WHAT YOU SHOULD KNOW:
- Cushing syndrome is also called hypercortisolism (hi-per-KOR-ti-sol-izm). It is where your body has too much of a hormone called cortisol. Cortisol is made in the adrenal glands, and the amount of cortisol to be made is controlled by the pituitary gland. Your adrenal glands are located above each kidney. The pituitary gland is located at the base of the brain. You are at a higher risk of having Cushing syndrome if you have a pituitary gland cancer. Using steroid medicine for a long time also increases your risk for having this syndrome. The most common symptom of Cushing syndrome is the sudden onset of weight gain. You may also have more fat in the trunk or puffiness and roundness of your face.
- Cushing syndrome is diagnosed by having a saliva (spit) test or a urine test to measure cortisol levels. Blood tests, a computerized tomography (CAT) scan, or a magnetic resonance imaging (MRI) test may also be done. Treating Cushing syndrome depends on what caused it, and the problems caused by the condition. Treatment may include changing your steroid dose, surgery, radiation, or chemotherapy. If the cause of Cushing syndrome is discovered, and treatment begins as soon as possible, Cushing syndrome can be cured in some people.
Take your medicine as directed.
Call your primary healthcare provider if you think your medicine is not helping or if you have side effects. Tell him if you are allergic to any medicine. Keep a list of the medicines, vitamins, and herbs you take. Include the amounts, and when and why you take them. Bring the list or the pill bottles to follow-up visits. Carry your medicine list with you in case of an emergency.
- Your caregiver may change how much steroid medicine you take to treat other conditions.
- If you are using chemotherapy, take your medicine exactly as you are told.
Ask for information about where and when to go for follow-up visits:
For continuing care, treatments, or home services, ask for more information.
- Manage your stress: Stress may slow healing and lead to illness. Learn ways to control stress, such as relaxation, deep breathing, and music. Talk to someone about things that upset you.
- Good nutrition for your heart: Get enough calories, protein, vitamins, and minerals to help prevent poor nutrition and muscle wasting. You may be told to eat foods low in cholesterol or sodium (salt). You also may be told to limit saturated and trans fats. Do eat foods that contain healthy fats, such as walnuts, salmon, and canola and soybean oils. Eat foods that help protect the heart, including plenty of fruits and vegetables, nuts, and sources of fiber. Ask what a healthy weight is for you. Set goals to reach and stay at that weight.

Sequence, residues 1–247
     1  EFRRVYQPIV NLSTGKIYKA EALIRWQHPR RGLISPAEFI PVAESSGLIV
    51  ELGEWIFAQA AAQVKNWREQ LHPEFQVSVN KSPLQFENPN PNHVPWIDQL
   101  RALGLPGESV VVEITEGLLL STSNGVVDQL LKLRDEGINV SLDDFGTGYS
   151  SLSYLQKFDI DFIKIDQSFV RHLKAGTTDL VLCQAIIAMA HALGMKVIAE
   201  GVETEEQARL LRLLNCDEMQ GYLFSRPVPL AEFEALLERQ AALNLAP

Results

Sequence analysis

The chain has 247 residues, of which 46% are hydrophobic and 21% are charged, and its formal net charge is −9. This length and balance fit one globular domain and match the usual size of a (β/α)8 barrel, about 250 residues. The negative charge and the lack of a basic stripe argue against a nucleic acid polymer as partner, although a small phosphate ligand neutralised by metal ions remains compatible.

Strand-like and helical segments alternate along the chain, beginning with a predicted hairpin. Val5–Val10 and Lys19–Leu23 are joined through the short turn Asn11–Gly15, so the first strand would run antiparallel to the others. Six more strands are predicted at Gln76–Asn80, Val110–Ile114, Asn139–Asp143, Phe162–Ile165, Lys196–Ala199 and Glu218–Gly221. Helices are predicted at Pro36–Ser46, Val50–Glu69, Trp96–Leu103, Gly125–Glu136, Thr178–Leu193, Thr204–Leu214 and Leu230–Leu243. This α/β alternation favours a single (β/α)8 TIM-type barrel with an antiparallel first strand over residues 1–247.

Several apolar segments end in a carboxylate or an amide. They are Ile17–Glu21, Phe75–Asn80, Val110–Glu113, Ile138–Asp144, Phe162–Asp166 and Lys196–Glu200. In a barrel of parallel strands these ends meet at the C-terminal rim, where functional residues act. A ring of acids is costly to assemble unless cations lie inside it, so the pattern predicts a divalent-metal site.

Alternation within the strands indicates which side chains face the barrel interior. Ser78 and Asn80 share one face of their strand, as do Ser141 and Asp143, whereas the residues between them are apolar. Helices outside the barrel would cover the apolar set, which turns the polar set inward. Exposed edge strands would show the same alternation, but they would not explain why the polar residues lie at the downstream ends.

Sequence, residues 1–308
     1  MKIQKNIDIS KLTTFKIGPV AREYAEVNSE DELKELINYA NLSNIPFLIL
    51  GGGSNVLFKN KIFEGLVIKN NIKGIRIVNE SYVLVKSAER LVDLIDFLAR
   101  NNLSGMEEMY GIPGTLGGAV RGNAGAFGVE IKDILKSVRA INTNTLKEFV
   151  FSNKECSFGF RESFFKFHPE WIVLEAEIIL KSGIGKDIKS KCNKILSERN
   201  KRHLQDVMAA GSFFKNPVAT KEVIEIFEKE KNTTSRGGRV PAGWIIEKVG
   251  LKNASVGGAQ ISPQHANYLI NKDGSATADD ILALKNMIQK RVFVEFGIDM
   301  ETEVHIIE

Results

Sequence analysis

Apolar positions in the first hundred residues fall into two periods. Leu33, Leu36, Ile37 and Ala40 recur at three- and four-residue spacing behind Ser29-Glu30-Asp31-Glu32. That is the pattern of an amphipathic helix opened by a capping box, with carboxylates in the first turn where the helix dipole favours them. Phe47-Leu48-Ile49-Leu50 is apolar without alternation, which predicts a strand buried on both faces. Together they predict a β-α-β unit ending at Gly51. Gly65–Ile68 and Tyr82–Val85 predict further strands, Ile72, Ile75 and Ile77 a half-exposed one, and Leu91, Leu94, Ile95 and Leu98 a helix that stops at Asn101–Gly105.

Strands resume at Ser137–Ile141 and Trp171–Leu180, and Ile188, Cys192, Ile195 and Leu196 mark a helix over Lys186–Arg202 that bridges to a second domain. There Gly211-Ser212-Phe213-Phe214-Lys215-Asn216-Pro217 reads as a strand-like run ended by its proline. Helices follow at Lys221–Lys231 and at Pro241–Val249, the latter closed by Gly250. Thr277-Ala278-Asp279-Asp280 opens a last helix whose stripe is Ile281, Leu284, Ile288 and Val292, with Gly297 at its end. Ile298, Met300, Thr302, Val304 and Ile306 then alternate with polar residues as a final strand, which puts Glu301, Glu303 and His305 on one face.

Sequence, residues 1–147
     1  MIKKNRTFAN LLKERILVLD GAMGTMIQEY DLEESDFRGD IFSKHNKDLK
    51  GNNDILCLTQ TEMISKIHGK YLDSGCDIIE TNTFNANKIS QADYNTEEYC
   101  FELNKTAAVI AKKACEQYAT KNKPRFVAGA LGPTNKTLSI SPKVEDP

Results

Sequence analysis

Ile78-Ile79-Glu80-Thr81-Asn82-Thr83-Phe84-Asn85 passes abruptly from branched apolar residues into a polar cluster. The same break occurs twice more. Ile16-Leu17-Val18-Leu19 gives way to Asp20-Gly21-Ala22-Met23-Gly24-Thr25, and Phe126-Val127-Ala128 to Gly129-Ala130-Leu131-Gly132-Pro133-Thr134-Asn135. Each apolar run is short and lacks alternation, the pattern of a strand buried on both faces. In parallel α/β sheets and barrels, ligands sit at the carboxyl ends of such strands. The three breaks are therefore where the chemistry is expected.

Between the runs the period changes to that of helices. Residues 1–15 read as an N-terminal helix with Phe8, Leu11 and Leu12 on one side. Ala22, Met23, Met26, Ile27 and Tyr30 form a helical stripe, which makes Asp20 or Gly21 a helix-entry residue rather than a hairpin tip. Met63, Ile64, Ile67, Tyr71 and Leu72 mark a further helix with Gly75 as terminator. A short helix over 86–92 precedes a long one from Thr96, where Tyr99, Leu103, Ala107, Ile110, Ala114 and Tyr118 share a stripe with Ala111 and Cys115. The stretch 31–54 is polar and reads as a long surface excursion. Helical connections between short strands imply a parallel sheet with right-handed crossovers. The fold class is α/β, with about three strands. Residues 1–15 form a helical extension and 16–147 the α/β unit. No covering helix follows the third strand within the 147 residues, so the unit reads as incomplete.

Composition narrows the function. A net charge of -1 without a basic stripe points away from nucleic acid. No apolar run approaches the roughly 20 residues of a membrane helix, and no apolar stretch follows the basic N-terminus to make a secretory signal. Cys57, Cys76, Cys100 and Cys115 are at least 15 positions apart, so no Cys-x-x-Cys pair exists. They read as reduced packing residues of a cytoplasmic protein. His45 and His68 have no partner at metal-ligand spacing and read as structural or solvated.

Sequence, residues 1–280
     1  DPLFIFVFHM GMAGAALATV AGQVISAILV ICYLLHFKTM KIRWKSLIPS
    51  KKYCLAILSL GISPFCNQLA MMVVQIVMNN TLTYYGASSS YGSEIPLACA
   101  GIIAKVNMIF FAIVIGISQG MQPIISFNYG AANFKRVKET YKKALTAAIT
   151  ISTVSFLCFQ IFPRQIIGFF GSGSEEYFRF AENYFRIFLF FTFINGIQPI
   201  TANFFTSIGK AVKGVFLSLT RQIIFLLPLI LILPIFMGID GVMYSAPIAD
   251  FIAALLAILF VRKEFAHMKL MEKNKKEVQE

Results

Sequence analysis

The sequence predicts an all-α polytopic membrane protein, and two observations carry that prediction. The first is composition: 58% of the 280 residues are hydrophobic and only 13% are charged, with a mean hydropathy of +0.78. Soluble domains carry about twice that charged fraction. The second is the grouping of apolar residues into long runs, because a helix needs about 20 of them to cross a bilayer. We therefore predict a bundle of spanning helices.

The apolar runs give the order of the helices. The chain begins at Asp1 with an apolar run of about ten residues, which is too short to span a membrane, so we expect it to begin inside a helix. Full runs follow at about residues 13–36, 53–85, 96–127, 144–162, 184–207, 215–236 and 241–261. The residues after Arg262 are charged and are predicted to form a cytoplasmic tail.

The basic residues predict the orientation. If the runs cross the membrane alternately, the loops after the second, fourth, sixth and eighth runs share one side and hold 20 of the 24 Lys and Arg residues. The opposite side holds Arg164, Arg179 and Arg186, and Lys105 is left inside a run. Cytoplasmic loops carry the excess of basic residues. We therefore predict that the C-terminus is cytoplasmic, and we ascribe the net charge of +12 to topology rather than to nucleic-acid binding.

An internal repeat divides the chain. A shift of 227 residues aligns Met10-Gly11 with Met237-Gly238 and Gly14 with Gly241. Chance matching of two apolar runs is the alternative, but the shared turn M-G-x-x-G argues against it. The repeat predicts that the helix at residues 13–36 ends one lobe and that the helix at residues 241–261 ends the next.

- Cushing syndrome can cause blood sugar changes. A dietitian may work with you in choosing the best foods to control your blood sugar. You may need to eat certain amounts of these foods at specific times during the day. Ask caregivers how your favorite foods may fit into your diet.
CONTACT A CAREGIVER IF:
- You cannot make it to your radiation or chemotherapy visit.
- Your pain is worse or does not go away even after taking your medicines.
- Your symptoms are getting worse.
- You have questions or concerns about Cushing syndrome, medicine, or care.
SEEK CARE IMMEDIATELY IF:
- You are having trouble staying awake or are confused.
- You have a very bad headache, or you feel dizzy.
- You have blurred or double vision.
- You have chest pain.
- Your breath has a "fruity" sweet smell.
- Your breathing is shallow.
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The above information is an educational aid only. It is not intended as medical advice for individual conditions or treatments. Talk to your doctor, nurse or pharmacist before following any medical regimen to see if it is safe and effective for you.